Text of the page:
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The Carlina-type diluted telescope. Stellar fringes on Deneb


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The Carlina-type diluted telescope. Stellar fringes on Deneb


Le Coroller, H.; Dejonghe, J.; Hespeels, F.; Arnold, L.; Andersen, T.; et al.











Aix Marseille Université, CNRS, OHP (Observatoire de Haute Provence), Institut Pythéas UMS 3470, 04870 Saint-Michel-l’Observatoire, France

e-mail: herve.lecoroller@lam.fr

2 Laboratoire d’Astrophysique de Marseille, Pôle de l’Étoile Site de Château-Gombert, 38 rue Frédéric Joliot-Curie,

13388 Marseille Cedex 13, France

3 Université Nice-Sophia Antipolis, Observatoire de la Côte d’Azur, CNRS UMR 6525, BP 4229, 06304 Nice Cedex, France 4 University of Namur (UNamur), research Center for Physics of Radiation and Matter (PMR-LARN), 61 rue de Bruxelles,

5000 Namur, Belgium

5 Lund Observatory, Box 43, 221 00 Lund, Sweden

6 Instituto de Astronomía – UNAM, Km 103 Carretera Tijuana Ensenada, 422860 Ensenada, B. C., Mexico

Received 17 July 2014 / Accepted 6 October 2014


Context.The performance of interferometers has been much increased over the past ten years. But the number of observable objects

is still limited by the low sensitivity and imaging capability of the current facilities. Studies have been conducted with the aim to propose a new generation of interferometers.

Aims. The Carlina concept studied at the Haute-Provence Observatory consists of an optical interferometer configured as a diluted

version of the Arecibo radio telescope: above the diluted primary mirror made of fixed co-spherical segments, a helium balloon or cables that are suspended between two mountains and/or pylons carry a gondola containing the focal optics. This concept does not require delay lines.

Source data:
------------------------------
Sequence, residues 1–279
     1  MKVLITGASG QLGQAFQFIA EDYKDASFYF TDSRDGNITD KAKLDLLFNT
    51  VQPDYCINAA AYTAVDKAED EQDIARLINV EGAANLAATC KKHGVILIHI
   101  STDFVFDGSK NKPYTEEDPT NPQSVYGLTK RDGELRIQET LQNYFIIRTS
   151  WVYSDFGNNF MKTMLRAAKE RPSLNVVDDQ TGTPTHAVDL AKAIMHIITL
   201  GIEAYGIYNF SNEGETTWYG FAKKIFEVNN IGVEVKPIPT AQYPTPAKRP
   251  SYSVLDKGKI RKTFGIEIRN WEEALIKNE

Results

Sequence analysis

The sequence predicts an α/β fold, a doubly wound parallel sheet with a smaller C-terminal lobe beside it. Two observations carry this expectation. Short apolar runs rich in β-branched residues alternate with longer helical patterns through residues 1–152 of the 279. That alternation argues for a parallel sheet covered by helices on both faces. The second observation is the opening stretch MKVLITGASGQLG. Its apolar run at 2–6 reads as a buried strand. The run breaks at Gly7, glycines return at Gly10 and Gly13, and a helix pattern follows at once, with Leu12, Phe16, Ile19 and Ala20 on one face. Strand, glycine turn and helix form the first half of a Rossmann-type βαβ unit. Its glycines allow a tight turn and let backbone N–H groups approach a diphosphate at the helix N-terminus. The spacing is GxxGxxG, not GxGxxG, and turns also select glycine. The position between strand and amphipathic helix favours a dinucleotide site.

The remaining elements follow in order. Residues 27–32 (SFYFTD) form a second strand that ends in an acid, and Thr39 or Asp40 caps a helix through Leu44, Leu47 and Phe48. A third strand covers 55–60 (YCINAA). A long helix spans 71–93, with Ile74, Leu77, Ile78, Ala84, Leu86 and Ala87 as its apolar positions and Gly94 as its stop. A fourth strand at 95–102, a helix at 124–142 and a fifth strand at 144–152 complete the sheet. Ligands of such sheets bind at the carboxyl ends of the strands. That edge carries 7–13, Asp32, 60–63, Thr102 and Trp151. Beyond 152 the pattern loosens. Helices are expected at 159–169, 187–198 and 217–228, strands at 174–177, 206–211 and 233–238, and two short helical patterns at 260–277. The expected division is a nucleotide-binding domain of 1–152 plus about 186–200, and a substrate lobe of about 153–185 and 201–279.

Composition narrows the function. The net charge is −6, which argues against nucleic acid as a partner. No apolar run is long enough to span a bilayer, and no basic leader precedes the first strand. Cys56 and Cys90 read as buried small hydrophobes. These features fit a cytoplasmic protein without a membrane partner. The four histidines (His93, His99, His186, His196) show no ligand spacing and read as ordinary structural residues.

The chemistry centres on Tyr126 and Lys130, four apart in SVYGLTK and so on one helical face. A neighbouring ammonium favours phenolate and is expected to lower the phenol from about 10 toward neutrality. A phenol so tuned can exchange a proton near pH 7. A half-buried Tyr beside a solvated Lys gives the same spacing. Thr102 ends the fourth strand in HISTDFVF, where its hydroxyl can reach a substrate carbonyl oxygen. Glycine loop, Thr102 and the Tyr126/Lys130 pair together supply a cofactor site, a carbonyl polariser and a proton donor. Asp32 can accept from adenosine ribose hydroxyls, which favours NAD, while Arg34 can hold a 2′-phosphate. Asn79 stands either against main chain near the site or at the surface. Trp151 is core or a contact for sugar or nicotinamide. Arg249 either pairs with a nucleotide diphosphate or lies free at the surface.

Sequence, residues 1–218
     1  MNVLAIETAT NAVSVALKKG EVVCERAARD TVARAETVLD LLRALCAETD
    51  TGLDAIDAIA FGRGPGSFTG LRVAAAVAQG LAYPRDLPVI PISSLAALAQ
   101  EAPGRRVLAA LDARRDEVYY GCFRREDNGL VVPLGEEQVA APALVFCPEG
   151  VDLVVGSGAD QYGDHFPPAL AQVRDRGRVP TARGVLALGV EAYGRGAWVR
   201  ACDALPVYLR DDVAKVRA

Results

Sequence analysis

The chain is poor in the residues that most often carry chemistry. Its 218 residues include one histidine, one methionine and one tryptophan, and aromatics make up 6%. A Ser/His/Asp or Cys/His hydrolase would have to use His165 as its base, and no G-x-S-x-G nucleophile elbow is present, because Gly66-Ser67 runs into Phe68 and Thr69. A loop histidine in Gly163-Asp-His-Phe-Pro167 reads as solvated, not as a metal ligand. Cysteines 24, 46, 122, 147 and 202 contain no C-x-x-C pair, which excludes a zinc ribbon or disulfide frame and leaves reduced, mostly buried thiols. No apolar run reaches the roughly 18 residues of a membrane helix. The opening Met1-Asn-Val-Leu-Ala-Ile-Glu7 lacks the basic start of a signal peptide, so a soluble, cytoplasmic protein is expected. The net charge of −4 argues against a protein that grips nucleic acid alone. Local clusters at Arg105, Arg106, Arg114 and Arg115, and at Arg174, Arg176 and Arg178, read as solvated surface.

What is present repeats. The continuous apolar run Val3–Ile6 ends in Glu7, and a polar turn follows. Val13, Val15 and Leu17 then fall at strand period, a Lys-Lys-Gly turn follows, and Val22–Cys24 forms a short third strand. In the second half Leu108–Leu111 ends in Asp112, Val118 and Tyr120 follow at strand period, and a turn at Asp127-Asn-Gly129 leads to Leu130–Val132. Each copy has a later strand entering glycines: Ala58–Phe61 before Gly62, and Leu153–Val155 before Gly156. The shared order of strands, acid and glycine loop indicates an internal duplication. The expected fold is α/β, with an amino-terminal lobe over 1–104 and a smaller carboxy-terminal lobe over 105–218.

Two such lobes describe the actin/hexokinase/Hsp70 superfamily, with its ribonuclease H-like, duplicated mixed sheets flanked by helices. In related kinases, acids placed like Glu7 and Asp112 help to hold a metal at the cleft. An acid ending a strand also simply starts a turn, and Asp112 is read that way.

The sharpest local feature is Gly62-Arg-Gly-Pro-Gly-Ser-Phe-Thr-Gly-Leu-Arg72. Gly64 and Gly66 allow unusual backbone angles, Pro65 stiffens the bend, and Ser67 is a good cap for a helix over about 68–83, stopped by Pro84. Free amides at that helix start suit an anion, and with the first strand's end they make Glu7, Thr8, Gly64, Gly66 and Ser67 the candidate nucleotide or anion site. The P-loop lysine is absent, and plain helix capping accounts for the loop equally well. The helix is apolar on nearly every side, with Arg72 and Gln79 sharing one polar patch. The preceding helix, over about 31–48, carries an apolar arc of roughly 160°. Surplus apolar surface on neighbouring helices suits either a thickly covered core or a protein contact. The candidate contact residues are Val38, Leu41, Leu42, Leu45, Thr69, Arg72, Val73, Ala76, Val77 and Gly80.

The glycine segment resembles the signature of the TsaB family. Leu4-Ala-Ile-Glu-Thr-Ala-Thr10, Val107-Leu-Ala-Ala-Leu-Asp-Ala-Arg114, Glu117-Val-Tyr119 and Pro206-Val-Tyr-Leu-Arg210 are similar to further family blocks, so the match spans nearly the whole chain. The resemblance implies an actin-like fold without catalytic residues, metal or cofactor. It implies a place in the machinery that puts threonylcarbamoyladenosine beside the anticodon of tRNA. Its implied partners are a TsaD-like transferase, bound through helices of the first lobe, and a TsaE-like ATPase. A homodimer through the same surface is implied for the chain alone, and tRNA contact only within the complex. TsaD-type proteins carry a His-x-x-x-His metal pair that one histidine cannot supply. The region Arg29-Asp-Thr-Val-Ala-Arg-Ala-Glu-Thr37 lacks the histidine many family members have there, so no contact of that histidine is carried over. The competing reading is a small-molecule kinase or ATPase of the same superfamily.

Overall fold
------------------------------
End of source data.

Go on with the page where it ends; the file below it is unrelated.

Methods.Since 2003, we have been building a technical demonstrator of this diluted telescope. The main goals of this project were to find opto-mechanical solutions to stabilize the optics attached to cables at several tens of meters above the ground, and to characterize this diluted telescope under real conditions. In 2012, we obtained metrology fringes, and co-spherized the primary mirrors within one micron accuracy. In 2013, we tested the whole optical train: servo loop, metrology, and the focal gondola.

Results.We obtained stellar fringes on Deneb in September 2013. We here present the characteristics of these observations: quality of the guiding, signal-to-noise ratio reached, and possible improvements for a future system.

Conclusions.By detecting fringes on Deneb, we confirm that the entire system conceptually has worked correctly. It also proves that

when the primary mirrors are aligned using the metrology system, we can directly record fringes in the focal gondola, even in blind operation. It is an important step that demonstrates the feasibility of building a diluted telescope using cables strained between cliffs or pylons. Carlina, like the Multiple Mirror Telescope (MMT) or Large Binocular Telescope (LBT), could be one of the first members of a new class of telescopes named large diluted telescopes. Its optical architecture has many advantages for future projects: Planet Formation Imager (PFI), post-ELTs, interferometer in space.